Comments (0) Africa, Business, Latest Updates from Reuters

LONDON (Reuters) – Anglo-South African financial services group Old Mutual Plc said on Friday it would split up into its four main businesses, strengthening expectations of the sale or listing of its UK asset management arm.

The break-up of the company, which is listed in London and Johannesburg and has insurance, asset management and banking operations, follows a strategic review announced in November, when former Standard Bank executive Bruce Hemphill took over as chief executive.

Changes to the regulatory environment in Europe and South Africa have made the company, which started out in 1845 as a life insurance firm in Cape Town, more complex to run, it said in a statement.

“It’s a costly structure with insufficient synergies to justify those costs,” Hemphill said.

Old Mutual’s solvency capital ratio under new European rules was 135 percent, lower than many of the other major insurers that have reported earnings so far this year.

The group said it had not yet decided how it would go about spinning off the units but that it expected the separation to be largely completed by the end of 2018.

The company’s four units are Old Mutual Emerging Markets, Old Mutual Wealth, Nedbank Group and OM Asset Management.

It said it planned to cut its majority stake in Nedbank to a minority one.

Old Mutual’s shares have risen since Sky News reported the break-up plans last weekend, and said private equity firms had tabled a multi-billion pound cash bid for Old Mutual Wealth.

Analysts said the unit would be worth 3-4 billion pounds.

The group said its pretax adjusted operating profit for 2015 rose 4 percent in reported currency terms to 1.7 billion pounds ($2.4 billion).

($1 = 0.7004 pounds)


(By Carolyn Cohn and Noor Zainab Hussain. Additional reporting by Soumithri Mamidipudi in Bengaluru; Editing by Rachel Armstrong and Mark Potter)


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British bank Barclays will leave Africa

Comments (0) Africa, Business, Featured

barclays africa

South African economic problems and corruption risks on the continent prompt decision to sell majority stake in Barclays Africa.

South Africa’s economic slow down and plummeting currency were key factors in Barclays decision to exit banking on the continent, ending a presence dating back nearly 100 years.

Barclays, one of Britain’s largest banks, announced it would sell its stake of 62.3 percent in Barclays Africa as part of a larger strategy of refocusing on operations in the United Kingdom and the United States.

Barclays has also cut back operations in Asia, Brazil, Europe and Russia.

Banks in 14 countries

Barclays Africa Group, Limited, one of the largest banks on the continent, is worth about $4.9 billion. It has 45,000 employees and 1,267 branches.

It operates in 14 countries: Botswana, Egypt, Ghana, Kenya, Mauritius, Mozambique, Namibia, Nigeria, Seychelles, Tanzania, Uganda, Zambia and Zimbabwe, as well as South Africa, where the company owns and operates the bank network, Absa.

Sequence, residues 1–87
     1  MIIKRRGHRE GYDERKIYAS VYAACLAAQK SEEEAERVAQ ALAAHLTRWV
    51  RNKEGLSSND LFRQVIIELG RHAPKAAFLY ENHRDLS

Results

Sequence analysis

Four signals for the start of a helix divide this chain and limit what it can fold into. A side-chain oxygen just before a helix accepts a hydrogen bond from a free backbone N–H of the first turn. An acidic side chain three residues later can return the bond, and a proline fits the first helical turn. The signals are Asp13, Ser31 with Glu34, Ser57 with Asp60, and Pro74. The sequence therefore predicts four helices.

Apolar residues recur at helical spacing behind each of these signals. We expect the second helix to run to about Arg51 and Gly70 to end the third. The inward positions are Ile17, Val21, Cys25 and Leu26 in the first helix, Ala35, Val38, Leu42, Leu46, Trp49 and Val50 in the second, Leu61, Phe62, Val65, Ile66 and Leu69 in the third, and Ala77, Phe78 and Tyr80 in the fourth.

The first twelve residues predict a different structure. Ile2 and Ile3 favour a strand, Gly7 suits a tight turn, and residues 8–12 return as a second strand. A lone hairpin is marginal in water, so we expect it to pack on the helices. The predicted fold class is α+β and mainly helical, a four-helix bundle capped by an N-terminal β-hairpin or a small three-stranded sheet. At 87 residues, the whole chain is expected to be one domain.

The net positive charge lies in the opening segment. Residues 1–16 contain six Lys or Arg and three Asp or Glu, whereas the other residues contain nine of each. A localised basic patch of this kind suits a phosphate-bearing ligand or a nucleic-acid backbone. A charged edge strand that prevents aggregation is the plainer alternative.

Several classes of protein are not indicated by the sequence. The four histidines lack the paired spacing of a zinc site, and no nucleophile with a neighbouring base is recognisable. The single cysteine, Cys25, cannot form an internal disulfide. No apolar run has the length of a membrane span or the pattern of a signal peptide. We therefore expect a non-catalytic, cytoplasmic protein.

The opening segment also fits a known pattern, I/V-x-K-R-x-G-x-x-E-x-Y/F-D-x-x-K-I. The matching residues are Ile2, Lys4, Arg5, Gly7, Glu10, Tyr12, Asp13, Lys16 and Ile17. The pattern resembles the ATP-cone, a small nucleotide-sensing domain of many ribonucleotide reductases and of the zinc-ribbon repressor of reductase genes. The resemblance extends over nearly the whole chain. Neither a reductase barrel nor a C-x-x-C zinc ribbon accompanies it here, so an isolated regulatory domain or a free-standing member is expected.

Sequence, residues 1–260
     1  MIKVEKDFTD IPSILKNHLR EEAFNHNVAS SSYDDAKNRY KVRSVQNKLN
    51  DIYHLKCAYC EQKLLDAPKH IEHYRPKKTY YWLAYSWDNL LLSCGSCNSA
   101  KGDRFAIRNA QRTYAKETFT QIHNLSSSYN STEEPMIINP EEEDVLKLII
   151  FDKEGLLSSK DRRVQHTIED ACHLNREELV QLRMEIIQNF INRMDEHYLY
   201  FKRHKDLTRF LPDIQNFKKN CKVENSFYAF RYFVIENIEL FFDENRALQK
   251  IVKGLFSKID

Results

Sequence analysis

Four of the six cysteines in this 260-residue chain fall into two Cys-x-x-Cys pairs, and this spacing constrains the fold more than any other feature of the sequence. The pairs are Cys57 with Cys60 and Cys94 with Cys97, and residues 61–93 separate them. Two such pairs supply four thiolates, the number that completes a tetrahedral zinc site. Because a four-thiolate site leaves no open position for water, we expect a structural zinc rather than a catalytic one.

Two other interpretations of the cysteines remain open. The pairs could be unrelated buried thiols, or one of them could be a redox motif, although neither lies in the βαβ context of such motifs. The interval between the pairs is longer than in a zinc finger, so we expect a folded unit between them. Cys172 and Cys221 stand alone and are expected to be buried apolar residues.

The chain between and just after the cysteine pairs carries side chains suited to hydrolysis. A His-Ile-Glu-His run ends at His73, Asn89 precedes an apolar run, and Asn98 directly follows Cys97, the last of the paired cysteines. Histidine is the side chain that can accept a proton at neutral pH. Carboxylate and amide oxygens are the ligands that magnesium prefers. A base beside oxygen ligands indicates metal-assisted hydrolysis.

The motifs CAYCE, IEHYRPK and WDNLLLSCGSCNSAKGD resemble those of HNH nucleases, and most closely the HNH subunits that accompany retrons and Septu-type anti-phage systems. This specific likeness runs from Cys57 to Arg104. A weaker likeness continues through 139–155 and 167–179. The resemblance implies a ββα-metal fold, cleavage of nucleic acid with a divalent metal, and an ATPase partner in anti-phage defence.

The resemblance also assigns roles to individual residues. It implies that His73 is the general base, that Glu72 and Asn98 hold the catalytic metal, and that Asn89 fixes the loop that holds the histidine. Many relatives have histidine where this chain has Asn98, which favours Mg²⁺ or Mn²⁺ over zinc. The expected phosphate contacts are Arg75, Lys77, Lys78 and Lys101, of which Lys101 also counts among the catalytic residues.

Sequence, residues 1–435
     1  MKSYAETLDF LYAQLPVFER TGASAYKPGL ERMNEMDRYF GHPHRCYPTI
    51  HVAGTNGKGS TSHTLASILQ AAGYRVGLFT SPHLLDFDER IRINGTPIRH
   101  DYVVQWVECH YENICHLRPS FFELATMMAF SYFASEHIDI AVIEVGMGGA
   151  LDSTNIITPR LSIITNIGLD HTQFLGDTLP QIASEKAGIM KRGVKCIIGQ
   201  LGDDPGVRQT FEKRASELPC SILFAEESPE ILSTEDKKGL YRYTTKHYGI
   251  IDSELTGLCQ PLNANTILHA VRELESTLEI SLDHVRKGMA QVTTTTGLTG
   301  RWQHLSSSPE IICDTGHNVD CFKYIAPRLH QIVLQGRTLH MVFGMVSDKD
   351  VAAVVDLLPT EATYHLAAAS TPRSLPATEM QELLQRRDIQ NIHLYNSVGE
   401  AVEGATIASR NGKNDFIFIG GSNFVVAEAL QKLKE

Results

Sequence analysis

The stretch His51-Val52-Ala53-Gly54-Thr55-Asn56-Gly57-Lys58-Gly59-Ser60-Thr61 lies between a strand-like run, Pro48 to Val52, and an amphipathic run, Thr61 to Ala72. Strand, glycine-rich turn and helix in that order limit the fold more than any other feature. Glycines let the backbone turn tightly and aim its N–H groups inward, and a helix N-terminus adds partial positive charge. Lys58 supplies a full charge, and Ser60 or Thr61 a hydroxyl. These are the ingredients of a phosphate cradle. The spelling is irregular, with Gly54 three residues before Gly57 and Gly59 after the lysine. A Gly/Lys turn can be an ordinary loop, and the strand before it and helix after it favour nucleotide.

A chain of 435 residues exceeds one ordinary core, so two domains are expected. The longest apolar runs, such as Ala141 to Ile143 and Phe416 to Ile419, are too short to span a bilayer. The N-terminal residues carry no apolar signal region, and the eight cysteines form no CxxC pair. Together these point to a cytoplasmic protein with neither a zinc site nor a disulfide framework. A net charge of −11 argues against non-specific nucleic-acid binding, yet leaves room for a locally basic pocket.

The African bank has been profitable, but the steep fall of the rand last year cut return on equity to 9 percent, below a target of 11 percent.

Barclays believes Africa is a growth area, according to those familiar with the bank’s review of its options. However, the South African issues along with higher risk of corruption prompted its decision to sell its stake.

Leadership seeks to refocus

 Barclays CEO Jes Staley

Barclays CEO Jes Staley

The move comes under the leadership of Barclays CEO Jes Staley, who took over in October 2015, the latest in a succession of chief executives who have sought to improve the bank’s outlook following the financial crisis.

The decision is a major turnaround from just a year ago, when Barclays Africa CEO Maria Ramos promised that the bank would rank among the top three in revenue in its five largest markets – South Africa, Botswana, Kenya, Ghana and Zambia by 2016. Barclays Africa at that time was in the top three in only two of its markets – South Africa and Botswana.

Ramos also said the bank was on target to produce a return on equity of 18-20 percent.

Bank could be a tough sell

It was not immediately clear who potential buyers might be although it is unlikely Barclays would put its shares on the market if it didn’t expect suitors.

Despite the relative financial health of the bank, it may be a tough sell, according to analysts.

Garth Mackenzie of Trader’s Corner, said while Barclays Africa was a well-governed asset with a good dividend yield, concerns about risk “seem to overshadow that.”

South African turmoil undermines rand

The rand hit an all-time low in late 2015 after African President Jacob Zuma sparked protests with the ouster of a respected finance minister with an unknown who was then quickly replaced amid political and financial turmoil.

The value of the South African currency fell 40 percent in 2015. The rand has begun to recover but is still down by about 25 percent. Meanwhile, South Africa reported economic growth of only 0.06 percent in the final quarter of 2015.

Dividends cut

Barclays also announced it would cut shareholder dividends in half for the next two years, as the bank continues to struggle to recover from the financial crisis. The announcement prompted a reduction of eight percent in the value of its shares.

Staley, the CEO, said that the bank restructuring was coming to an end. “We are acutely aware of shareholders being tired” that it has taken so long to restructure the company.

Barclays has assured investors that their funds are safe; only share certificates will change hands in any sale. However, Barclays decision to leave Africa raises the question of whether other companies will also shift their focus to markets they perceive to be safer in America and Europe.